This was posted on my old blog on March of 2013. I have resisted the temptation to tone down the sentiments expressed here.
Right around the time I formally retired from the United Methodist ministry, I surprised myself. I recognized that I was still a Christian. In a way, nothing had changed. Yet, somehow it had.
And, that’s how it still is. I still hunger for worship. I still interpret life by reference to the Bible and the historic beliefs of Christians. I still want to lead others to Christ. I still want to pray. I still love to preach. I still wish I could teach the Bible.
It’s all pretty weird in a way.
Things went bad in the last full time parish I served in the United Methodist Church. The issue had to do with my wife and my family. If it had had to do with me and my conduct of ministry that would have been bearable — but, the attack centered on my wife and family. And the Bishop of the Michigan Area of the United Methodist Church sided with the church against my wife and family. (more…)
The resurrection effectively reversed the charges against Jesus and confirmed his mission. We thus see that if he had saved his life at the cost of his proclaiming the divine lordship, he would have actually made himself independent of God and put himself in equality with him. ‘Whoever would save his life will lose it’ (Mark 8:35 par.). This was true of Jesus himself. He could not be the Son of God by an unlimited duration of his finite existence. No finite being can be one with God in infinite reality. Only as he let his creaturely existence be consumed in service to his mission could Jesus as a creature be one with God. As he did not cling to his life but chose to accept the ambivalence that his mission meant for his person, with all its consequences, he showed himself, from the standpoint of he Easter event, to be obedient to his mission (Rom. 5:19, Heb. 5:8). This obedience led him into the situation of extreme separation from God and His immortality, into the dereliction of the cross. The remoteness from God on the cross was the climax of his self-distinction from the Father. Rightly then, we may say that the crucifixion was integral to his earthly existence.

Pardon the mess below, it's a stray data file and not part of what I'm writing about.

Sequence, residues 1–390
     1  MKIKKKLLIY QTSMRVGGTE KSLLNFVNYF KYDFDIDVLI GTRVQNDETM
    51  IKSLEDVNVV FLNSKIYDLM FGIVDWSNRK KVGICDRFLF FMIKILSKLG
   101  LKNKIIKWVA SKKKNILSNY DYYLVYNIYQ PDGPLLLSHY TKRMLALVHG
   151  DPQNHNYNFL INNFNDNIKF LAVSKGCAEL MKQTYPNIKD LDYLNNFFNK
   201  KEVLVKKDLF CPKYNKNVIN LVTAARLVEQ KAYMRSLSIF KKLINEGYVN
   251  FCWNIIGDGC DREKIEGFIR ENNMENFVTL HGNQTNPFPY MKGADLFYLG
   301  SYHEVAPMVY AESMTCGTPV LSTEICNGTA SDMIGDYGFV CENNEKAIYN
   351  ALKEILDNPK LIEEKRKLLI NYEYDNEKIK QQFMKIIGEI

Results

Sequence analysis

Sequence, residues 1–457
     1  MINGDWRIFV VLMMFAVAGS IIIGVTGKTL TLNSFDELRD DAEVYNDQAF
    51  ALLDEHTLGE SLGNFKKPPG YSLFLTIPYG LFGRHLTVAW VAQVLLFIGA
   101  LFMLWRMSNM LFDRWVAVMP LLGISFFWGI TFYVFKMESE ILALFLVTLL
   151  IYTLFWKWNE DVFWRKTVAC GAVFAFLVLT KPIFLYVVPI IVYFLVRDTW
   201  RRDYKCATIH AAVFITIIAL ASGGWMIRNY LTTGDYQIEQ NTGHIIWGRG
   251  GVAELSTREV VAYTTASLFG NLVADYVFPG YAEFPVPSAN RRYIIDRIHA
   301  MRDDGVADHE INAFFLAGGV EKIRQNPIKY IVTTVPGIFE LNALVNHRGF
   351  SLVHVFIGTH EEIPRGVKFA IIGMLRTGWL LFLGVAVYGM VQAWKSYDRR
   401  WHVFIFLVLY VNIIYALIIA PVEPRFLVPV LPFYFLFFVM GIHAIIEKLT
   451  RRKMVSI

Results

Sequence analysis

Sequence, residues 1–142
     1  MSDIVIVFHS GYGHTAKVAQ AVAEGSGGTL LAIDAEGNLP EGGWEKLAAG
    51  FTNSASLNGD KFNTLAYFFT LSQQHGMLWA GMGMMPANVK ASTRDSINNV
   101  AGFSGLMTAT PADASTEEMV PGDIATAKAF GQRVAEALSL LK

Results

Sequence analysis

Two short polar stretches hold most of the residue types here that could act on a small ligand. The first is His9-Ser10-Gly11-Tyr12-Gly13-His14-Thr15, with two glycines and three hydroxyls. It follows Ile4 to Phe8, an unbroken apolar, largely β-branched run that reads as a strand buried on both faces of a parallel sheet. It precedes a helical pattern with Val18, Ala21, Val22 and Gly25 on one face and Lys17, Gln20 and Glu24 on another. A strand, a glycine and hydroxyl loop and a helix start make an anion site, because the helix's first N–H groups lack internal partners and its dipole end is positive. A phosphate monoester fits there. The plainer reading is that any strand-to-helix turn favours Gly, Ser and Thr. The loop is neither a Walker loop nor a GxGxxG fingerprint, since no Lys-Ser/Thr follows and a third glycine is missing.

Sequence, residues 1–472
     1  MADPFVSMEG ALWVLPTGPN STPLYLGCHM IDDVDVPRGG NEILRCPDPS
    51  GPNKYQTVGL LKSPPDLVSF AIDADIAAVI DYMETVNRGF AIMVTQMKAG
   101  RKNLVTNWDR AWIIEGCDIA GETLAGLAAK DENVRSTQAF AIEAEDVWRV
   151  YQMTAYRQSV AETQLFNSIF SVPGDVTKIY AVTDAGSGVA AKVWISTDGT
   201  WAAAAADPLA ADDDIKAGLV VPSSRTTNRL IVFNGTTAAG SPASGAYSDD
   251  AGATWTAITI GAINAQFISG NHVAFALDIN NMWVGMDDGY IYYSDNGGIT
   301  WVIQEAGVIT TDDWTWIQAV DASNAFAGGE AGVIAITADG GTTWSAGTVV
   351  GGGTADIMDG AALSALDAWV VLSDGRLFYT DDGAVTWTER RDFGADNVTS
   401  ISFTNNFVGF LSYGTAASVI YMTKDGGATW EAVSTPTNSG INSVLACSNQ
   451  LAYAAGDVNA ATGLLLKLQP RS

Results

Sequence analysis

— Wolfhart Pannenberg, Systematic Theology, Volume 2. (1991) pp. 374, 375.
Guest blog by Matt O’Reilly. Matt is the pastor of the First United Methodist Church of Union Springs, Alabama. He is a graduate of Asbury Theological Seminary and is a PhD Candidate in New Testament studies at University of Gloucestershire, and an adjunct member of the faculties of New Testament at Asbury Theological Seminary and Wesley Biblical Seminary. Matt used to write regularly at a blog called Incarnatio: Scripture & Culture in Wesleyan Perspective — and that’s where I found this piece. He says: “My thinking has been deeply influenced by the writings of John Wesley; so you’ll see a distinctly Wesleyan perspective in my approach to the range of topics on which I undertake to write.” You can also follow Matt on Twitter: @mporeilly. (more…)